Almost every Lord’s Day, I have the privilege of reading a text of Scripture to the congregation at First Boynton Church. It is a joy beyond measure to give voice to the very Word of the Lord.
In my other teachings and preaching, my words are not infallible. I pray that they be true to the Scriptures and that the Spirit of God would use them to bring life and instruction. But when I simply read the text, these words are mighty and powerful. They are completely trustworthy.
In light of this, I read with interest an article related to the conversion of J.C. Ryle. Ryle, the 19th century bishop of Liverpool, was used mightily by the Lord through his preaching and writing.
In the autumn of 1837, while a student at Oxford, Ryle attended a Sunday morning worship service at a nearby parish church. The second lesson of the morning was taken from Ephesians 2. When the lector reached verse 8, he slowed down and made some unusual and emphatic pauses. He read: “For by grace – are ye saved – through faith – and that, not of yourselves – it is the gift of God.” The Word went home to his heart. Later in life Ryle could remember neither the name of the church nor the name of the reader, nor anything about the sermon preached that morning, but he never forgot that morning’s reading of Ephesians 2:8. It converted him. It became the theme of his ministry. It was so central to his life and work that he had it inscribed on his gravestone. You can see it today in the churchyard of All Saints, Childwall, in Liverpool.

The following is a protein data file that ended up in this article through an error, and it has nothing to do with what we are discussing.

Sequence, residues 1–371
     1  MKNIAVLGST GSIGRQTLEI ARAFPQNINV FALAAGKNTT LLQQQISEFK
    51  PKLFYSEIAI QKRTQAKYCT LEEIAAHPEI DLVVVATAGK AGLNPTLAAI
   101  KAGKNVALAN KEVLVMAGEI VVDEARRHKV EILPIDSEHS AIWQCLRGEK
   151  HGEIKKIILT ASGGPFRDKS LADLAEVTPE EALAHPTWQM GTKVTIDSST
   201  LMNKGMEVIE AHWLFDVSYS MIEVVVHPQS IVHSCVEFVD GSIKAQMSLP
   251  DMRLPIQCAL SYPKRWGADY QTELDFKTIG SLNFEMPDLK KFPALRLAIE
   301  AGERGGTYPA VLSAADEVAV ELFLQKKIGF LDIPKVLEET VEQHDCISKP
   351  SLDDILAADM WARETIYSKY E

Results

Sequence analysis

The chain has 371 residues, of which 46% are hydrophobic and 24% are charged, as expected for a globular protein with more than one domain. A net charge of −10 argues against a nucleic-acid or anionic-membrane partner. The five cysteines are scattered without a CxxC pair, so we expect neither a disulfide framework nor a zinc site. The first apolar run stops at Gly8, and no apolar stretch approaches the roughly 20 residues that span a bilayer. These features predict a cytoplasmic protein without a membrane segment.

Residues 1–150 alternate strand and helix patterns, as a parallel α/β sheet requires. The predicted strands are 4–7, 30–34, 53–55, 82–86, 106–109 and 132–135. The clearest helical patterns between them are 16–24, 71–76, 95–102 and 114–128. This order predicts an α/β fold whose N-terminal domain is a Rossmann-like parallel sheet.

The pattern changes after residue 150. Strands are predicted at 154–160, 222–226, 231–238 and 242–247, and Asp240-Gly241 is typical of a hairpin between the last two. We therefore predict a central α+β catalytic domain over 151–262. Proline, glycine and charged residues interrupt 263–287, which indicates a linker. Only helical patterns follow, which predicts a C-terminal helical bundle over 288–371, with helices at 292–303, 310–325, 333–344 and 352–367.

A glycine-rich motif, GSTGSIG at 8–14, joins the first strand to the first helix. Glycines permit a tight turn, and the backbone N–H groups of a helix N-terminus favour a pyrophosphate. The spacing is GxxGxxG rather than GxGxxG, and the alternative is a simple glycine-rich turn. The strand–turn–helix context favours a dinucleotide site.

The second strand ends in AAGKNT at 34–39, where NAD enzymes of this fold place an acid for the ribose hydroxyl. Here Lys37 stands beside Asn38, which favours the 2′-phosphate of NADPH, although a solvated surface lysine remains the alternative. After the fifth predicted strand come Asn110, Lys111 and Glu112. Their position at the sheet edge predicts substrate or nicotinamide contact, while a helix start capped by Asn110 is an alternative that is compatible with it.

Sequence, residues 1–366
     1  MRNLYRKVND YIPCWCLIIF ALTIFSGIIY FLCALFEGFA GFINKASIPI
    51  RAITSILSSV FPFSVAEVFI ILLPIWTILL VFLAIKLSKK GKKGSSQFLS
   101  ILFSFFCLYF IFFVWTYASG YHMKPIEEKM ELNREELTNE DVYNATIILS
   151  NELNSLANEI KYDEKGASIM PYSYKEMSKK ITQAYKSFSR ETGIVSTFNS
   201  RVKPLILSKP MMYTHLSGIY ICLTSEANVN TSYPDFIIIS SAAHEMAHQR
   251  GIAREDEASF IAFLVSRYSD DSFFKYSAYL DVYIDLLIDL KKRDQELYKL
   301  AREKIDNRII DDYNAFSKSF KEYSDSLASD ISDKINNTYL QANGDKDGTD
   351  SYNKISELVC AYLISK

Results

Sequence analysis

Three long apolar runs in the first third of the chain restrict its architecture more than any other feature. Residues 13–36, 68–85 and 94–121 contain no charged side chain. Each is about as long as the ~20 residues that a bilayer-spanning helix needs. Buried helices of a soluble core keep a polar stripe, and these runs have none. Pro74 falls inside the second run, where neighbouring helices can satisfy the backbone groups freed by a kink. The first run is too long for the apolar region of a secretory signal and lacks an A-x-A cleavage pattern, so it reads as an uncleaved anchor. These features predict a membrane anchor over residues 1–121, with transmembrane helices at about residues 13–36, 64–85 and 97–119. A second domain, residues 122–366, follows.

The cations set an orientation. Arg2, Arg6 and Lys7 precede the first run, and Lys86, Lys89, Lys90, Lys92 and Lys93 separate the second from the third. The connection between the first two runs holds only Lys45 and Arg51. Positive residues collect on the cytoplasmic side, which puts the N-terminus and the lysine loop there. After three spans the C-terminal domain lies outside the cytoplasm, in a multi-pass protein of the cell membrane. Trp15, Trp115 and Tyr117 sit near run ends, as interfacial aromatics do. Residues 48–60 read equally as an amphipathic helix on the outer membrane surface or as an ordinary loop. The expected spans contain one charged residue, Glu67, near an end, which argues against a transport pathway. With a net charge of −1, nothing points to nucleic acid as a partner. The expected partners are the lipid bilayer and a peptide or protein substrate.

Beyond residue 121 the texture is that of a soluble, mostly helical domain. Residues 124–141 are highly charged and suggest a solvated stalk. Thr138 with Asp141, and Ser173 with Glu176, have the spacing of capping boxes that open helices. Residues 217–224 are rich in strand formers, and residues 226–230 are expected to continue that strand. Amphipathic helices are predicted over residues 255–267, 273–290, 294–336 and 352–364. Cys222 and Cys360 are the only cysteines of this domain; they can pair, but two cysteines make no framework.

–Ben Rogers, Why every seminary student should read J. C. Ryle
Humanly speaking, the reader of Ephesians 2 that morning applied himself diligently to the reading of the biblical text. Spiritually speaking, the Holy Spirit (the original author of the words) penetrated deeply into the heart of Ryle with these life-giving words.
May those who will read the Scriptures this week be ever so diligent. And may the Holy Spirit use His word to grant faith to those who will hear.